Banks will be unable to create seamless and intuitive customer experiences with legacy technology. It requires advanced digital banking solutions. Take for instance, Application Programming Interfaces (APIs) which allow banks to separate their customer experience from manufacturing of products and services. APIs allow banks to connect ecosystems of financial and non-financial services, placing themselves at the center. Banks have been consuming APIs from service providers for features like KYC, Payments and Fraud Detection for years. But when a bank uses APIs, it can be a game changer – allowing the bank’s products and services to be embedded in other experiences.
Cloud computing is another advanced technology that can drive great customer experience in banking. It offers more speed, agility, and innovation. Crucially, cloud technology creates a hyper-efficient cost model, where savings can be passed onto the customer. Banks like Flowe in Italy use this hyper-efficiency to help customers create sustainably financial lifestyles and tackle climate change. Passing cost benefits on to end-users has been a driver of customer loyalty and satisfaction for companies like Amazon for many years.
Finally, artificial intelligence allows banks to analyze their vast amounts of data. This provides learnings that enable them to continuously improve and evolve their customer service. When HSBC North America launched a credit card offering, analytics tools showed that a specific input box was leading to significant rates of abandoned application. By using this learning, the bank was able to quickly improve the customer experience and boost completion rates.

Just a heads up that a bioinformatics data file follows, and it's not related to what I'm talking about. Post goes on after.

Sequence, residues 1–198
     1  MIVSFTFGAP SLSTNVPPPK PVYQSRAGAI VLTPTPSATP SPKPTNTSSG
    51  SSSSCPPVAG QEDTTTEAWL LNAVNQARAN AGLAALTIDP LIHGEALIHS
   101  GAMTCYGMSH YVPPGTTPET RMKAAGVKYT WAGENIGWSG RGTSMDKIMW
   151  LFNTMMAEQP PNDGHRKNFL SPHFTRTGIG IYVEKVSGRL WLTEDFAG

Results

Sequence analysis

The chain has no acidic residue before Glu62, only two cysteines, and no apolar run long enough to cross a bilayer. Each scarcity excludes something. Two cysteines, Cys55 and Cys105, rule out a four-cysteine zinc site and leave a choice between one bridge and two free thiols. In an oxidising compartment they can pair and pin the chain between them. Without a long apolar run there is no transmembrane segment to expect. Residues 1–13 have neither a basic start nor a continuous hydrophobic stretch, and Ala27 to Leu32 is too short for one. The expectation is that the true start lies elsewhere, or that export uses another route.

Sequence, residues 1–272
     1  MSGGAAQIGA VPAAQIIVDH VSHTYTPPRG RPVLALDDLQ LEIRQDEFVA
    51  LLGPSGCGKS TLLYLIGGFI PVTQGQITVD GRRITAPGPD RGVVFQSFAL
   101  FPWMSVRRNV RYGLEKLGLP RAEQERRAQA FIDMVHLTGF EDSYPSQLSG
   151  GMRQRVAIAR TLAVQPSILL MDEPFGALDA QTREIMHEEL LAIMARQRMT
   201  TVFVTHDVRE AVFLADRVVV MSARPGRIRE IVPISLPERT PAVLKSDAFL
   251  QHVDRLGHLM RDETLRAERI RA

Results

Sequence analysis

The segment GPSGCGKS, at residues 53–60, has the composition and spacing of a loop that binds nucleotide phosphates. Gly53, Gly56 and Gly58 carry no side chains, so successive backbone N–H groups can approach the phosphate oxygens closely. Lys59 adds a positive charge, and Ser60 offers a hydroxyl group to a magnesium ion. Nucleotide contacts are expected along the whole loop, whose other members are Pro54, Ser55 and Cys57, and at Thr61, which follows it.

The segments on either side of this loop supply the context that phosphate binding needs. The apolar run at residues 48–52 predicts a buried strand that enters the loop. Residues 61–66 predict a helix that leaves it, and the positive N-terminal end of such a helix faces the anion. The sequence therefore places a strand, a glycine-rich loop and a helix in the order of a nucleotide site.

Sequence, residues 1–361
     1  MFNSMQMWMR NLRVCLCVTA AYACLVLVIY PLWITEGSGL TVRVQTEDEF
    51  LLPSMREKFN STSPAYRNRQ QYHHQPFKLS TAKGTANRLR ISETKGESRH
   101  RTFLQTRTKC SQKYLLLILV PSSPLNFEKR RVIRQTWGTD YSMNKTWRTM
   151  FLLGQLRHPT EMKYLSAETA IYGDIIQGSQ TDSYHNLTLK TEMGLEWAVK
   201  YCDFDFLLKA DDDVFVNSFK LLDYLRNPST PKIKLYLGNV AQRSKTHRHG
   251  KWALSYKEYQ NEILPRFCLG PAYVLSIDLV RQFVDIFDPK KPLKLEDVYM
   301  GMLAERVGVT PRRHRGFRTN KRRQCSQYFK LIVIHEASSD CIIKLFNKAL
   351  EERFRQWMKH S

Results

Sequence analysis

Maintaining the trust advantage
In today’s world, trust is more precious than ever. It is banks’ most valuable advantage, and they need to maintain and extend it wherever possible. In the world of customer experience, banks can do this by combining technology with the human touch that has been key to forming these trusted relationships.
Banks can also help to boost trust in their technology-enabled customer experiences by ensuring their AI is explainable. Big tech uses machine algorithms all the time – like recommending which movies to watch next on Netflix. But decisions on loans and mortgages can be life changing – and customers will want to understand why they have been turned down. Explainable AI (XAI) can clearly show why a negative decision was reached, providing customers with steps to remedy this. Explainability also allows programmers to combine the inherent efficiency of AI with human perspective – providing even better experience for customers.
Like so many industries before it, digital technology has given banks a “fight or flight” choice. Will they battle for their customer relationships, or retreat to becoming utility providers. The transformative power of banking technology and their inherent competitive advantages gives bank a fighting chance. But time is of the essence. Stand still and they will be left behind.